The Right to Work Myth and Texas Noncompete Law
Texas courts continue to confirm the enforceability of some noncompete agreements here. I routinely here from people that "Texas is a right to work state, and noncompete agreements are not enforceable here." Five years ago, Texas courts were extremely unsympathetic to noncompete agreements. But ever since the Sheshunoff and Mann Frankfort cases were decided, Texas courts have been more willing to enforce restrictive covenants against employees.
A recent case from the federal Northern District of Texas proves this point. There, the employee was trained on the employer’s "processes and requirements." "She also became familiar" with the employer’s "price schedule" for one of its customer contracts. This kind of confidential information is routinely conveyed by employers to employees.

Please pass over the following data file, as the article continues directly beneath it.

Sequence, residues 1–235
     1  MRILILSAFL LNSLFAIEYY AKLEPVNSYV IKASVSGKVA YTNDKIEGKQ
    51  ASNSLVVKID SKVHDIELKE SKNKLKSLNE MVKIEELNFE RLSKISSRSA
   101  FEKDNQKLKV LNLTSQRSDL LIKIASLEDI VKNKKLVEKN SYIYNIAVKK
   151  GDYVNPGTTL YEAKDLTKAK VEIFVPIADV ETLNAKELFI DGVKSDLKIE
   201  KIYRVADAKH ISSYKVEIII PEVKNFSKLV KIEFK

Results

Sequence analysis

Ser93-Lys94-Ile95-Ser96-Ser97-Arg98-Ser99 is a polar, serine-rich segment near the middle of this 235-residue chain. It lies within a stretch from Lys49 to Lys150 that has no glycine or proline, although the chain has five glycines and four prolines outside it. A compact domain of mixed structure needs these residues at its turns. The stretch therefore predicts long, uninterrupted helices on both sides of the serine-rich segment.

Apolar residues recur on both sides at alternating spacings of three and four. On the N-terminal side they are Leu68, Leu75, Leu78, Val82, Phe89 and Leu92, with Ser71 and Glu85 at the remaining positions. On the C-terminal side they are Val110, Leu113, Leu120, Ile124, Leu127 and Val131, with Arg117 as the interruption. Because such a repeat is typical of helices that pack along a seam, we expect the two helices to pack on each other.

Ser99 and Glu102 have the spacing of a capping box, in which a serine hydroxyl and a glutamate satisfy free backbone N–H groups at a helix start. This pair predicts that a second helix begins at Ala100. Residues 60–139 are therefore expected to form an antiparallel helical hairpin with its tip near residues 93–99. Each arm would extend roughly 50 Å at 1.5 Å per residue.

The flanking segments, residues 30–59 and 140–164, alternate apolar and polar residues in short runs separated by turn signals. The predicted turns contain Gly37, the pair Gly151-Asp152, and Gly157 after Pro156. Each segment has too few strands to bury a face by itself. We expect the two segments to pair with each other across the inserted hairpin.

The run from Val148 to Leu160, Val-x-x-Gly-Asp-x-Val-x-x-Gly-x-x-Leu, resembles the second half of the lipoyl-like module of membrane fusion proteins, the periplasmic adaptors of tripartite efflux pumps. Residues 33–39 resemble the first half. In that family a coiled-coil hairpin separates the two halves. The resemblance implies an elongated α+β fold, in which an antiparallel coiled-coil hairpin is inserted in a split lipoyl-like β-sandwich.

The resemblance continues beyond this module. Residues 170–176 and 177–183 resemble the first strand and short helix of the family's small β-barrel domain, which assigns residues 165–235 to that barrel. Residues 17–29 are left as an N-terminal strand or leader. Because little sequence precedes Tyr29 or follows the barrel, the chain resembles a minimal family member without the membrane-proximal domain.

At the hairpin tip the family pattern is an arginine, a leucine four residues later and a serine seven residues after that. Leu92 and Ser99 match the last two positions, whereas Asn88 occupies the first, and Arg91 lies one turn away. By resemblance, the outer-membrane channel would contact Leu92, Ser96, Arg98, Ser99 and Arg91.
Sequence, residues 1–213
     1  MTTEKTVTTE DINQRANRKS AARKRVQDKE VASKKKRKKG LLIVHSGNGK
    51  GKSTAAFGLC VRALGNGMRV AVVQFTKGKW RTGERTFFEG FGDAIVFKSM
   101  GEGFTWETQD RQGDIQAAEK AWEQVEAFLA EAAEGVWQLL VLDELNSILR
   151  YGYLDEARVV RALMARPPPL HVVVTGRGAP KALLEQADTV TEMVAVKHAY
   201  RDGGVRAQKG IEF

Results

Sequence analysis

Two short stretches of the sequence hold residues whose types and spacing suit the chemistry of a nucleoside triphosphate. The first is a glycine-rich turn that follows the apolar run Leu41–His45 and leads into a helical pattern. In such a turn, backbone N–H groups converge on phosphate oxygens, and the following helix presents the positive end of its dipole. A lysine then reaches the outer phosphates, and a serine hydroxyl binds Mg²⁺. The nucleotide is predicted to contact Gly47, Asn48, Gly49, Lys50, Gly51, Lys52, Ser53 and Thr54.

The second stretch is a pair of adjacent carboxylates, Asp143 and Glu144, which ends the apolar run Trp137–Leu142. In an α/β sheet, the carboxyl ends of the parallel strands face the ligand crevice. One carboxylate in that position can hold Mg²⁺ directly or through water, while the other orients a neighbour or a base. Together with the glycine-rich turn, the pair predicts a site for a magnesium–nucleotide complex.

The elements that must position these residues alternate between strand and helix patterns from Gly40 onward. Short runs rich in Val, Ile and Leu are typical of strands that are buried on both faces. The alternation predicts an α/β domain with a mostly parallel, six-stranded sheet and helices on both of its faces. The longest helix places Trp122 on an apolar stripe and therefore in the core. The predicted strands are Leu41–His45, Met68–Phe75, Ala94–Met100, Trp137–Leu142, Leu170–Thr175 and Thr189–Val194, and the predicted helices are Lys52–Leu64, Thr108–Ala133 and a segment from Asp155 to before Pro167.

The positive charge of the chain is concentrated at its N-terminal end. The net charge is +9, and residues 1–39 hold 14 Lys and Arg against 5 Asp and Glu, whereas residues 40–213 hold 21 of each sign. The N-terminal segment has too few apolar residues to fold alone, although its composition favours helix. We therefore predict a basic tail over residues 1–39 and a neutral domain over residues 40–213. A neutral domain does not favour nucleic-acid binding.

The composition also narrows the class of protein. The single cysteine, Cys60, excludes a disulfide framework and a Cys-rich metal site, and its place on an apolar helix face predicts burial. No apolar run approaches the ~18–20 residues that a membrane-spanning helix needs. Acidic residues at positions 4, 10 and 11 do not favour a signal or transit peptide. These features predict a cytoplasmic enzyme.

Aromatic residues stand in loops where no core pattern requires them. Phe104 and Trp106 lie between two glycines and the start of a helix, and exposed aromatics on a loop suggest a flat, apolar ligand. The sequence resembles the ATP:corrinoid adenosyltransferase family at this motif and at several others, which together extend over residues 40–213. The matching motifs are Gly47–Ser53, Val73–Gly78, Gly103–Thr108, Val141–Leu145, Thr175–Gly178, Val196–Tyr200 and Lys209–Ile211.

After the employee resigned, became employed by a competitor, and began doing work for one of her ex-employer’s customers, her former employer sued her for violating her noncompete agreement.
The court enforced the agreement, based upon the confidential information that was conveyed. In doing so, the court noted, "Two to five years has repeatedly been held as a reasonable time limitation, and the restraint here only lasts six months. And Texas courts have upheld geographical limitations preventing competition within a metropolitan area, as the 50-mile limitation essentially does here."
Once again, a Texas court dispels the "right to work" myth. In Texas, noncompete agreements can indeed be enforceable.